Perkins offers a variety of degree programs. Education for church leadership is provided through the Master of Divinity (M.Div.) program, intended primarily, although not exclusively, for persons seeking ordination. The Master of Church Ministries (C.M.M.) program has as its main objective the preparation of people for specialized church ministry. The Master of Sacred Music (M.S.M.) program is offered in cooperation with the Meadows School of the Arts for the education of leaders in church music. A student seeking ordination as deacon within the United Methodist Church may pursue required courses within any of the above degree programs. The Master of Theological Studies (M.T.S.) program is primarily for people who wish to engage in serious theological study, especially for those considering a doctoral degree. The Doctor of Ministry (D.Min.) degree program provides advanced education for church leadership and is available for people who hold the M.Div. or an equivalent degree.
Perkins also cooperates in the Graduate Program in Religious Studies of Dedman College, which offers the Master of Arts (M.A.) and Doctor of Philosophy (Ph.D.) degrees. These degree programs are intended chiefly for those interested in college and university teaching and scholarship in religious studies. Further information concerning them can be obtained from the office of the director of the Graduate Program in Religious Studies.
Students who are admitted to study for the M.Div., C.M.M. or M.T.S. degrees may enroll in classes held at St. Luke’s United Methodist Church in Houston and Moody Memorial First United Methodist Church in Galveston. Under this program, students may earn a significant portion of their degree requirements in weekend and evening classes. A typical class will be offered on alternate Monday evenings, with two full Saturdays during the term. Thus, students who can devote every Monday evening and four Saturdays may be able to complete two courses per term.
Most courses in the Houston/Galveston program are taught by full-time Perkins faculty. All classes earn degree credit and meet the same requirements as comparable courses taught in Dallas. The Bridwell Library provides a reserve shelf for required and recommended texts. Computer links to the Bridwell catalog are available, and most research materials can be delivered to students in Houston/Galveston within a few days. Other libraries in the Houston area have also extended privileges to Perkins students. Community life is enhanced through regular worship and social events.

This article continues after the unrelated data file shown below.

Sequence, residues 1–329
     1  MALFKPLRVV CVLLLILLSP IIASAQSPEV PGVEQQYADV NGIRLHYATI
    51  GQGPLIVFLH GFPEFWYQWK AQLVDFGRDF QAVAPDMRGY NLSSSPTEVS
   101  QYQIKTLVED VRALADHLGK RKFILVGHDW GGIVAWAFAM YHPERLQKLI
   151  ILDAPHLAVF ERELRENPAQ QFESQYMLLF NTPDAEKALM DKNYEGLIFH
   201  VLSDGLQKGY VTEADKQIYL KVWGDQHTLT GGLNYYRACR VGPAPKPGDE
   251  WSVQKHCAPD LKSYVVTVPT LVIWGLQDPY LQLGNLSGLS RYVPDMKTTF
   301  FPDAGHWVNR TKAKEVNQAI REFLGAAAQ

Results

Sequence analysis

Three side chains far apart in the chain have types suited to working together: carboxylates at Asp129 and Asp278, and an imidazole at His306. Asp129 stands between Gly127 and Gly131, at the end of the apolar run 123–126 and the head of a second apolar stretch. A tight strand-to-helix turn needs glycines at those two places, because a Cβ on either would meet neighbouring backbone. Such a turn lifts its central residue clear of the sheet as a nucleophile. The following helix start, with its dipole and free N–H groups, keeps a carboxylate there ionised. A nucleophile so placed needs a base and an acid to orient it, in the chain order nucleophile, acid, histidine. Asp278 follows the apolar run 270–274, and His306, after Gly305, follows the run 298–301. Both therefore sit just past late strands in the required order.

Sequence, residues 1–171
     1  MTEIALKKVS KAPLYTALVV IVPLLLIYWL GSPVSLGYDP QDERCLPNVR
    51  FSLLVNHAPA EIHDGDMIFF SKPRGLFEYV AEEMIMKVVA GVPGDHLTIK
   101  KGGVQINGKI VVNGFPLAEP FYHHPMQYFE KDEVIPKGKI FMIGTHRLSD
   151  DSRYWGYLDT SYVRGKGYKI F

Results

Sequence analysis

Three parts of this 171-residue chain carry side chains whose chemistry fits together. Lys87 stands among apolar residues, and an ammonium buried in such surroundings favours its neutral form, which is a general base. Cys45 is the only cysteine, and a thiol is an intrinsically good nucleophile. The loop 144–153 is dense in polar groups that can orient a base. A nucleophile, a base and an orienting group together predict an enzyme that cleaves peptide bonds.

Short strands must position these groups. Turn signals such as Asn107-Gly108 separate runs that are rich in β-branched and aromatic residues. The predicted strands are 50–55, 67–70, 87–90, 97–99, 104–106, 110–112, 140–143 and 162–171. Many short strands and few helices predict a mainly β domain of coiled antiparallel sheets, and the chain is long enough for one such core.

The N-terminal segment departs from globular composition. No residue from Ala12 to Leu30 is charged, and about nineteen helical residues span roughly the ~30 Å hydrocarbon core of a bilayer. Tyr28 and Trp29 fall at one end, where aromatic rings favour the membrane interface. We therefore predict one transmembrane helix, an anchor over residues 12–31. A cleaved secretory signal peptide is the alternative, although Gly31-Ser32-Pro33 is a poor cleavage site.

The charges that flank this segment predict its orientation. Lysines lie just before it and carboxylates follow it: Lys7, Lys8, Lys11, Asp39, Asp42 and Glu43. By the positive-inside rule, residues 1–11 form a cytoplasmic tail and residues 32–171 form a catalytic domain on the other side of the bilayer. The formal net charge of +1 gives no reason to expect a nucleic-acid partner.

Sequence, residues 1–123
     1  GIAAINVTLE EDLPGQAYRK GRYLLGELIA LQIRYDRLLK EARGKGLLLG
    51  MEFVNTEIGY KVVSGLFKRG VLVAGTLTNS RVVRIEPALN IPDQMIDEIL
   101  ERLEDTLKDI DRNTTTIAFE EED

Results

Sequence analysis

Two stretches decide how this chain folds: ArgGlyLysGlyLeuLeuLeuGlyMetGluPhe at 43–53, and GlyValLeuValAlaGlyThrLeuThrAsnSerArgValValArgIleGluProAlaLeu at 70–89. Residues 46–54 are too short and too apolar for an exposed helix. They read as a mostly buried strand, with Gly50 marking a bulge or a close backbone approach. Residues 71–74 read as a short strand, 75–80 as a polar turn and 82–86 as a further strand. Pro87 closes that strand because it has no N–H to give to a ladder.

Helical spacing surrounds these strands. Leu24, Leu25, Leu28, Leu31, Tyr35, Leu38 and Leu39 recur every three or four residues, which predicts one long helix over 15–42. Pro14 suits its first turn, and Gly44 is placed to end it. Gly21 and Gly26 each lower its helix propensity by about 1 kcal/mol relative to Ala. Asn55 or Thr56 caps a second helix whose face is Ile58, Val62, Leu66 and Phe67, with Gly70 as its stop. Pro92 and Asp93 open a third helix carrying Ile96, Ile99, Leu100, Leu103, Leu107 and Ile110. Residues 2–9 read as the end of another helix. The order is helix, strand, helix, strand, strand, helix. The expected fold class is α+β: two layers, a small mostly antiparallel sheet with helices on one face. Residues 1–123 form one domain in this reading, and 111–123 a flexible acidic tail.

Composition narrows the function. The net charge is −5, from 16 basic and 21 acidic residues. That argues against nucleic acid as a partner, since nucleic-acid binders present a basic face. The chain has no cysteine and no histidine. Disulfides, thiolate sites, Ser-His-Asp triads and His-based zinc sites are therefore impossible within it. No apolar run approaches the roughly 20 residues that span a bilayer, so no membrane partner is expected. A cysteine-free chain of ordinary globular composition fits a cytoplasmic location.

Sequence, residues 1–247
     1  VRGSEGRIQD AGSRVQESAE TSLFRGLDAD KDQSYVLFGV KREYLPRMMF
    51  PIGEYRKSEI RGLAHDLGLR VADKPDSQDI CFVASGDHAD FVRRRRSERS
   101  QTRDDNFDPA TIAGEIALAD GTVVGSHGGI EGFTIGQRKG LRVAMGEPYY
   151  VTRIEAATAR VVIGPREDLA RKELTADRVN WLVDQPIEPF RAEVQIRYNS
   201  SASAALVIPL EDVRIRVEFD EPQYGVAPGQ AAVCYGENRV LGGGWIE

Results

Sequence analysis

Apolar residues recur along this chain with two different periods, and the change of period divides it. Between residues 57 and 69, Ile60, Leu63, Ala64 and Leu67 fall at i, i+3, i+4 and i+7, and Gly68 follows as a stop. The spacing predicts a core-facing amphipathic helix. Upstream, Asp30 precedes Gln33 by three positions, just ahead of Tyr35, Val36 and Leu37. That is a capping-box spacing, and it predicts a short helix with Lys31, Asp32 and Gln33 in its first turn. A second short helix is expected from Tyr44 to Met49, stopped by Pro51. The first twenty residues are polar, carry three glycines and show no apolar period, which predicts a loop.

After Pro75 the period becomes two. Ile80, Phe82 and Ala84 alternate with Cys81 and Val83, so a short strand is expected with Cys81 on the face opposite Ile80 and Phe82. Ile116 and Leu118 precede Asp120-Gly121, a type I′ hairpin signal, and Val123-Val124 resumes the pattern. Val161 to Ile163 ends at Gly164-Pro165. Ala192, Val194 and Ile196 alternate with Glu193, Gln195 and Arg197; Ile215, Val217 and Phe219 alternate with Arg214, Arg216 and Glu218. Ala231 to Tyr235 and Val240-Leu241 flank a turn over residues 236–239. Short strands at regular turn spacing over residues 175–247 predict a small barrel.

Students applying to the Houston/Galveston program must meet the requirements for admission to their respective degree programs as detailed in this catalog. Nondegree applications are also accepted.
Students must complete at least 24 hours of study on campus in Dallas. Students in all degree programs may need to take more than the minimum number of hours in Dallas in order to complete certain required courses in a timely fashion. Prospective students are encouraged to consult with the Office of Admissions and Financial Aid, 1-888-THEOLOG, 214-768-2293 or email@example.com, regarding course offerings and degree requirements.
Requirements for admission to each of the Perkins degree programs are outlined in the more detailed descriptions of each program found in the next section of this catalog. People seeking admission should contact the Office of Admissions and Financial Aid well in advance of the term in which they wish to matriculate, since the process of admission takes some time.